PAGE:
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Even with new strings, my guitar makes some sort of buzzing noise on higher strings. I was told it needs to be set up. What are the steps or where can I find a good guide to do this?

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possible duplicate of How do I set up an electric guitar? – Anonymous Jan 13 '11 at 22:15
@Luiscencio We still have your "tremolo" problem that we could address. Could you please describe it in more detail? – Jduv Jan 13 '11 at 22:24
@Paul It's mostly (entirely?) a dupe, but see I think it falls into case (3) and we should keep it. – Matthew Read Jan 13 '11 at 22:29
I bought this book and found it to be a great resource. – JohnOpincar Apr 26 '11 at 22:21

I have never heard the term 'tremolo' applied to higher pitched strings, but I will do my best to point you in the right direction when it comes to setups.

First of all, when setting up a guitar, set the action of the strings first. How you do this depends on your model of guitar, but there should be a screw or something else that adjusts the height. Remember, if it is a screw, turning to the right increases height. Adjust to desired height. If your preference is low, make sure there is no fret buzzing on any frets on any strings.

Next, you have to check the intonation. Tune up the guitar to perfect pitch (according to the tuner) and then, on each string, hit the 12th fret harmonic, listen, then play the 12th fret note. If there is any difference in the two, then your intonation is out, which will affect the ability to tune the guitar correctly, and mean the guitar will not be in tune with itself.

The G and B strings are usually the worst culprits when it comes to intonation, particularly in my experience.

If the fretted note is higher (sharper) than the harmonic, then the length of the string needs to be lengthened. If the harmonic note is sharper, then the length of the string needs to be shortened.

Again, adjusting intonation depends on your make of guitar, but their should be a screw or adjuster on the bridge. Adjust, and then check the harmonic and 12th fret notes again. Keep adjusting until they are exactly the same as each other.

The first time you have to setup your guitar, my suggestion would be to take it to a guitar luthier who will set the instrument up for you. If you ask him, he will talk you through what he is doing, so that you can do it yourself. He will fix any problems on the action, nut, neck, truss rod, and bridge piece that will be affecting how the instrument sounds/plays/tunes.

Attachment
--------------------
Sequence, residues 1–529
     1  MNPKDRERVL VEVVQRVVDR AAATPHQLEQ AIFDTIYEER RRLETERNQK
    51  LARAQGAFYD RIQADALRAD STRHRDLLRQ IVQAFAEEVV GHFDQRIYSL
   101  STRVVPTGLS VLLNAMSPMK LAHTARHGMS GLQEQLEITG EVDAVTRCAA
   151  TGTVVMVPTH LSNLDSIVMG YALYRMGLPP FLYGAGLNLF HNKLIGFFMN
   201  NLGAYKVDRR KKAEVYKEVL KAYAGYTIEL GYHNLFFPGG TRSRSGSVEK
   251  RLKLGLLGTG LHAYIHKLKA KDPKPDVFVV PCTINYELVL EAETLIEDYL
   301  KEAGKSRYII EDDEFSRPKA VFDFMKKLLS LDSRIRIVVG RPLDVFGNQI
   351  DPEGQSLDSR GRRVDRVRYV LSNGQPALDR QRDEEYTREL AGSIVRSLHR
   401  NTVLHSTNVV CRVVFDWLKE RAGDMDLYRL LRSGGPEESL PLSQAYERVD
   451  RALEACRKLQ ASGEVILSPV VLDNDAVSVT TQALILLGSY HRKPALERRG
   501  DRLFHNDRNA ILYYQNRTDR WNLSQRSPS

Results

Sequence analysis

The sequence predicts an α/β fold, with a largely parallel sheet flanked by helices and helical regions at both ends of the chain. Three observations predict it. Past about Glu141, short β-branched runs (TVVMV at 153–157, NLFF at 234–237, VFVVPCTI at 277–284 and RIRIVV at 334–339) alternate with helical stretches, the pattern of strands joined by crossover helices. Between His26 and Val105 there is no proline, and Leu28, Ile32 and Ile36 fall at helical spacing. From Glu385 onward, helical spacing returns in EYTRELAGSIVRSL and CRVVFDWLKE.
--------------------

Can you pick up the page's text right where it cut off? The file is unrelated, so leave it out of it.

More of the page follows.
Full setups CAN be expensive, but nearly always a very good quality job is done, and is worth it, particularly if you are having problems with your guitar (it always sounds out of tune, even when in tune with a tuner etc). The first time you play your guitar in a perfectly re-setup condition you will know what I mean.

Hope this helps.

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For your first guitar setup, I highly recommend you take it somewhere, have them do the work and ask questions about what they do and why, before trying it yourself.

Setup at your local music store can be as inexpensive as 30 USD or so, depending on the area in which you live. Seeing an actual luthier, one who's good, can run you as much as 120 USD for a full setup, and the difference in quality of work will be quite noticeable.

The buzzing you're describing is most likely from your action being set too low. Generally an action height of 1mm is a good starting point for a smooth, low, playable action. If things buzz there, raise it slowly until the buzzing stops. If it persists, or if your action gets too high before the buzzing stops then you may need new saddles, a new bridge, new nut, or possibly some re-fretting work. If this guitar was purchased from a music store and just pulled out of a box, then it only has factory setup (if that), and there's any number of issues that could have developed in the time between purchase and when you noticed the buzzing.

But yeah, definitely bring it in.

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